Ride-sharing giant Uber has signed a 10-year commercial agreement with autonomous driving technology developer Motional to offer “fully driverless rides” and delivery services in the certain parts of the US.
As part of the agreement, Uber will “strategically” deploy Motional’s Hyundai Ioniq 5-based electric robotaxis to certain cities across the USA, with the potential to reach “millions of customers”.
This 10-year agreement builds on a recent pilot from earlier this year where Motional began conducting autonomous food deliveries for UberEats customers in California.
The companies claim this 10-year agreement will make them the first to offer both autonomous ride-hailing and delivery services.
The first of these autonomous robotaxi Uber trips are expected to start before the end of the year. They’ll be available in certain US cities from the UberX and Uber Comfort Electric categories.
More details on the cities and services will be revealed in the future, according to the companies.
“This agreement will be instrumental to the wide scale adoption of robotaxis,” said Motional president and CEO Karl Iagnemma.
“Motional now has unparalleled access to millions of riders and a roadmap to scale significantly over the next ten years. We’re proud to partner with Uber to bring both driverless ride-hail and deliveries to life in cities throughout the U.S.”
This isn’t the first time Uber has dipped its toe into autonomous vehicle technology.
Uber was developing its own autonomous vehicle technology for a number of years, but shut the project down after years of scandal – including the death of a pedestrian hit by an Uber test vehicle, and an engineer being jailed after allegedly stealing secrets from Google.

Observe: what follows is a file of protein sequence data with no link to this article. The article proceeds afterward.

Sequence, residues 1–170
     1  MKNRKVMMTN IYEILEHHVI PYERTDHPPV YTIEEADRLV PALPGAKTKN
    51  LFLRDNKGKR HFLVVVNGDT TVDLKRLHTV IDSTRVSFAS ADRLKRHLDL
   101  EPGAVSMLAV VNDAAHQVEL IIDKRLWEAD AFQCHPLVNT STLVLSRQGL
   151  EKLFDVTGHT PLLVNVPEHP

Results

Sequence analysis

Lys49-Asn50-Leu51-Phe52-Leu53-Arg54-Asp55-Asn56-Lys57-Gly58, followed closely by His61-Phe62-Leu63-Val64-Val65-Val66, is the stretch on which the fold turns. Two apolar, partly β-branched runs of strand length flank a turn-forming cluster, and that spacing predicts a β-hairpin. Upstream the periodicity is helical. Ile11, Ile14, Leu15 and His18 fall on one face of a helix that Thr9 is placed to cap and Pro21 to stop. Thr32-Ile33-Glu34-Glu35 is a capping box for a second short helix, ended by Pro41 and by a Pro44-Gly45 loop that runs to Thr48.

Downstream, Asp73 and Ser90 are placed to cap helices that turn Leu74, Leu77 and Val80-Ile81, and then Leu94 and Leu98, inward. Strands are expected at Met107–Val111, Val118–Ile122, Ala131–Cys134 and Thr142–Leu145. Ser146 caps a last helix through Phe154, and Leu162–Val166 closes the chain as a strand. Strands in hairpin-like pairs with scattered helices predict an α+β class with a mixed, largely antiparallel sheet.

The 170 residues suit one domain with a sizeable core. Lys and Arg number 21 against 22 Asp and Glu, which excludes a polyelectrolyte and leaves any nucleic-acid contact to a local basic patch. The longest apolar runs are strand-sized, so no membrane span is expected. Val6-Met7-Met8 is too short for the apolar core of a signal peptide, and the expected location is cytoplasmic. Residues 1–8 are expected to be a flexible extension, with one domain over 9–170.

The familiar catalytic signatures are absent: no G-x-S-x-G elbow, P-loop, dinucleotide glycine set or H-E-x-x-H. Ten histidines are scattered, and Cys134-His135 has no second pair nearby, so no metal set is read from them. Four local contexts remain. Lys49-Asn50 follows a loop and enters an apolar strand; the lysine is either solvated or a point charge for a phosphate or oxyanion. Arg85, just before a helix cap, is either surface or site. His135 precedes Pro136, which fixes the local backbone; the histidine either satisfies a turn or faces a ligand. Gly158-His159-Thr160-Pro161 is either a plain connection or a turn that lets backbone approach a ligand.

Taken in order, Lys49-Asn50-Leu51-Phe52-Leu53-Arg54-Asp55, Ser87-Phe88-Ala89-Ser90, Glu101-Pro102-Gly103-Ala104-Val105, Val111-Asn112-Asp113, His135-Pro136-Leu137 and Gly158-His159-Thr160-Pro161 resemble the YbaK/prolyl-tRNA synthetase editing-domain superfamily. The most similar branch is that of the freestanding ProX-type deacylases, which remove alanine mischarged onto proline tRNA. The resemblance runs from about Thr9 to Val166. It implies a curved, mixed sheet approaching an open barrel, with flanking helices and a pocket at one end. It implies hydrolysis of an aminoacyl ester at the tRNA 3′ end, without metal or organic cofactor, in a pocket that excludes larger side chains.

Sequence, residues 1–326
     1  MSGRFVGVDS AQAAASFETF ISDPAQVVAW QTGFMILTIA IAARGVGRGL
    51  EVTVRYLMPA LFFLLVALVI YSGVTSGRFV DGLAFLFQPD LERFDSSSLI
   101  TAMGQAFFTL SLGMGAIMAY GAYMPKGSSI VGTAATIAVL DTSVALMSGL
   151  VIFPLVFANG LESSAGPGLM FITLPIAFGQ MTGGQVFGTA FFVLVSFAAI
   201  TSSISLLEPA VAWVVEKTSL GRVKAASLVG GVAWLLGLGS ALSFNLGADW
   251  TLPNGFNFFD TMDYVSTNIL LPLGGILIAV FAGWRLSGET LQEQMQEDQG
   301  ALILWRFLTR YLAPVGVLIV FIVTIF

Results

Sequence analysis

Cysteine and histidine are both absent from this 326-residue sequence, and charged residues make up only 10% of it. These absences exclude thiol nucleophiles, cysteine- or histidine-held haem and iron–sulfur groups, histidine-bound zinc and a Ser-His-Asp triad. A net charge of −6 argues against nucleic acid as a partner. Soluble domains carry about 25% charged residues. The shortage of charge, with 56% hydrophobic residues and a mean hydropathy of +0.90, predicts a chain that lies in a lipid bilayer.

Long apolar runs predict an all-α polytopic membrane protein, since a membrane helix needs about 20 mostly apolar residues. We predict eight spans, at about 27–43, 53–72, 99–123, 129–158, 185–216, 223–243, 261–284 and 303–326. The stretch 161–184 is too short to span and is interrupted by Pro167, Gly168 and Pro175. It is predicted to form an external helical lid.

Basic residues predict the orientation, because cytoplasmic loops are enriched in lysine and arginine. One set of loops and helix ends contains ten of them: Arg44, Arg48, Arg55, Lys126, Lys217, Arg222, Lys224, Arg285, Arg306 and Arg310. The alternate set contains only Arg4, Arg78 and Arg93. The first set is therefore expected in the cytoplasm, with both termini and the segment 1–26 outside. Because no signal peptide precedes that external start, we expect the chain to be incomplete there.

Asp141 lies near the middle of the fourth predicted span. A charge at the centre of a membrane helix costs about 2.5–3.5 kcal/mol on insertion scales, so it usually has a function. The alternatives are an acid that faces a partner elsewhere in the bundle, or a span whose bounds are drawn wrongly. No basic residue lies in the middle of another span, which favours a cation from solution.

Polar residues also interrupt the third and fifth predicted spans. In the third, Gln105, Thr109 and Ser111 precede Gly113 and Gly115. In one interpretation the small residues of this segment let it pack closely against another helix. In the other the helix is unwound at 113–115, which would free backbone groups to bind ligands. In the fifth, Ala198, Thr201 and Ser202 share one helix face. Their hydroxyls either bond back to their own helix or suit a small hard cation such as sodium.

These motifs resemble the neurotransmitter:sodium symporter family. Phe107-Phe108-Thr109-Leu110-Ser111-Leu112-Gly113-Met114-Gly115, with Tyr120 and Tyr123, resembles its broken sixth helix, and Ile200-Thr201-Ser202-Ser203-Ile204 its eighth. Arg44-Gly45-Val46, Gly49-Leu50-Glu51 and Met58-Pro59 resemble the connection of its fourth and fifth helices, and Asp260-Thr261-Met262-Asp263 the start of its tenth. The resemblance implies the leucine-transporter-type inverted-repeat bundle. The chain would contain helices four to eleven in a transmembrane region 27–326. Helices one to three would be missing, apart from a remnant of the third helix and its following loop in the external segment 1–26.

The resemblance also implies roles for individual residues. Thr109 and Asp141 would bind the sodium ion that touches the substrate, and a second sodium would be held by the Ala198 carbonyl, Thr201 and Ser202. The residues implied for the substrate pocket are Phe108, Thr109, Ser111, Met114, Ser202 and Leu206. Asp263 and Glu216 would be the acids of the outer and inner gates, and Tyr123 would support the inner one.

In late 2020, Uber decided to offload its Advanced Technology Group to Aurora, a startup focused on making autonomous trucks a reality.
As part of the deal, Uber invested $US400 million ($A623 million) in Aurora for a 26 per cent stake. Uber CEO Dara Khosrowshahi also took a seat on Aurora’s board.
Mr Khosrowshahi told CBS News in September the company has pledged for the same target in Canada and Europe too.
Uber has previously said it wants to be a zero-emissions company by 2040, and has been pushing drivers to electric power around the world with a mix of incentives.
In Australia, it’s halving service fees for electric vehicle drivers between now and mid-2025, in a bid to encourage its operators to move away from petrol, diesel and hybrids.
The policy follows a successful 12-month trial in Australia. Uber says the move is equivalent to a $26 million investment in the Australian electric vehicle market.
According to Uber, more than 378,000 electric trips were completed between July 1, 2021, and July 8, 2022, and the number of monthly EV trips has increased nearly five times around Australia.
A survey conducted by Uber in 2021 said almost 60 per cent of its drivers were looking to go electric by 2026, but only if it could be made more cost-effective.
Uber Australia and New Zealand general manager, Dom Taylor, last year said Uber will “lose money” on every ride with half-price service fees, but believes “the benefits” of swathes of the company’s fleet moving to electric power “will be worth it”.